About the book
When you fight someone else’s demons, you might awaken your own…
With the traumatic image of her dead parents still haunting her, Miss Eliza Bolton must balance her charitable nightly excursions and her new role as governess to the siblings of the Duke of Rosenhill.
Living in the shadow of his father’s sinful past, Arthur Huntley, Duke of Rosenhill, spends his nights helping those wronged by his family. When the new governess arrives, he is stricken not only by her beauty but also by how she challenges the deepest foundations of his beliefs.
When three crows with white arrows through their hearts appear to disrupt the fragile calm of their realities, the message is clear. Three lives must be sacrificed.
With only a few hours left to solve the riddle, Eliza and Arthur must face not only a killer but also the knowledge that the demons of their past share the same face.
Eliza Bolton’s mother shook her awake from a deep sleep.
“Eliza! Eliza! Wake up!”
Still groggy, she was rubbing her eyes. “Mama,” she asked.
Her mother urgently whispered, “Shhh. Come quickly.”
Eliza crawled from her bed and took her mother’s hand. She pattered across the cold wooden floor in her bare feet. “What is the matter, Mama?”
Her mother opened the armoire and placed Eliza inside. “Now be a good girl and remain quiet. No matter what you hear, do not come out.”
Eliza could not ignore the desperate, urgent tone to her mother’s voice. She silently knelt on the floor of the wardrobe and awaited an explanation for her mother’s behavior.
Eliza could hear the sounds of a scuffle in the next room. She heard her father’s angry voice ordering someone to get out of the house; then a grunt followed a loud thump.
“Sarah, run!” her father’s voice called to her mother from the adjacent room, followed by a gunshot.
“Daniel,” her mother whispered with a sob. Her hand trembled as she caressed Eliza’s long dark curls back from her face and placed a kiss on her brow. Eliza questioned the look in her mother’s chocolate brown eyes, a mirror of her own, “What is wrong with Papa? What is happening?” she whimpered.
“Hush now and do not make a sound.” With one last tear-filled look, her mother closed the armoire door.
Eliza was plunged into darkness. Wearing only her night clothes, she felt cold and alone as she kneeled on the hardwood floor of her hideaway. She had not even been given even a blanket to keep warm. It was very unlike her mother to pay so little attention to her physical needs. She was always telling Eliza to bundle up, or she would catch a chill.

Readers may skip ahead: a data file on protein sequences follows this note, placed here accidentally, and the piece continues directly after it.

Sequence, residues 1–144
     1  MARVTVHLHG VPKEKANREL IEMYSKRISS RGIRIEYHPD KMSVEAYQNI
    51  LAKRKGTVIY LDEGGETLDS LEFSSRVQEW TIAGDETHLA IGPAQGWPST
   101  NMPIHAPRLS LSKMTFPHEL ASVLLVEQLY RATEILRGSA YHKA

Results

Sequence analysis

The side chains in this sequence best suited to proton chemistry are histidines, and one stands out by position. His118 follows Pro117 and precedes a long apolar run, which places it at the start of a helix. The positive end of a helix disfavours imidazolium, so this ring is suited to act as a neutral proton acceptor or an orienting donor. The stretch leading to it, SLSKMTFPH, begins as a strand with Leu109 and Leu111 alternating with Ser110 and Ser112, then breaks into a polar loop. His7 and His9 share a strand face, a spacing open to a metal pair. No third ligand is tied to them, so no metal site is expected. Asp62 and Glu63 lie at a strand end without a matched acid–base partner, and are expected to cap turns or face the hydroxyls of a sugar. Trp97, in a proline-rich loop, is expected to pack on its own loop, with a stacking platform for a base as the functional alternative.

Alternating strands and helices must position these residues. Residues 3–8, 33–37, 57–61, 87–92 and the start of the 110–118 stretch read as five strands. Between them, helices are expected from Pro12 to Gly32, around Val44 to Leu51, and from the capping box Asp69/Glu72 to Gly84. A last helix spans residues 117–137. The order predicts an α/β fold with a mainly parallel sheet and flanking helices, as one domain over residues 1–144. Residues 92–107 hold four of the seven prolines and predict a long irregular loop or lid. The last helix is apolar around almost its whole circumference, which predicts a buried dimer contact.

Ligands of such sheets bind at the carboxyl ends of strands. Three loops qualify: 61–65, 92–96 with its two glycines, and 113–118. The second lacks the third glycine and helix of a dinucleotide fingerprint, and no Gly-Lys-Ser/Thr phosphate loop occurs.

The door to Eliza’s bedroom banged open and loud footsteps heralded someone’s entry. “Get out! Get out!” her mother demanded. Another gunshot filled the air silencing her mother’s screams. The heavy footsteps retreated.
Eliza held back a scream. She peeked through the armoire’s keyhole and swiped the sleep from her eyes. She shook unable to utter a single sound. The room was illuminated by the light of the lamp on a table by the door and the glow of the fireplace. Two dark pools of liquid merged into one as they ran across the floor over the doorway’s threshold.
Somewhere in the next room, a man’s gravelly voice ordered, “Burn it down!” She could make out shadows as they moved about, but their faces were beyond her view. She heard multiple footsteps stomp from the house, then all was quiet.
As she crawled out of the armoire, she whimpered, “Mama?” She called louder, “Mama!”
Eliza propelled herself forward into the room moving toward the dark pool of liquid. It glowed crimson-black in the firelight, beautiful and frightening. She reached down and touched it. It was warm, sticky, and smelled of copper. Her mind rebelled at the thought of what it might be. She followed the stream into the darkness and found her mother lying upon the floor face down in a pool of blood.
She shook her shoulder attempting to wake her, “Mama…” but there was no response. “Mama!” Eliza yelled. Nothing happened. Unable to rouse her mother, she turned to search for her father.
Eliza followed the scarlet stream into the next room and found her father was lying on the floor in front of the bedroom door his body blocked the path. “Papa!”
She had seen death before in animals, of course, but she had never seen anything like what she now beheld. The entire concept was far beyond a six-year-old mind’s comprehension. She fiercely shook her father’s prone form and denied what her eyes saw. “Papa!” she sobbed over and over.
As she sat by his side trembling and sobbing in fear, the room began to grow warm; sweat trickled down her face and intermingled with her tears. She heard the sound of groaning timbers and shattering glass and looked up. Flames licked along the ceiling like a thousand fiery serpents.
The room quickly filled with smoke; she choked with every breath. She squinted in search of the front door. She could just make out its rectangular frame in the near distance and nothing more.
Eliza grabbed her father’s arm and attempted to pull him towards the door. His large muscular arm was massive and slipped through her tiny hands. She lost her grip and landed on her rump. “Please, Papa, get up!” she cried grabbing his arm once more only to fail again. He was just too big to move.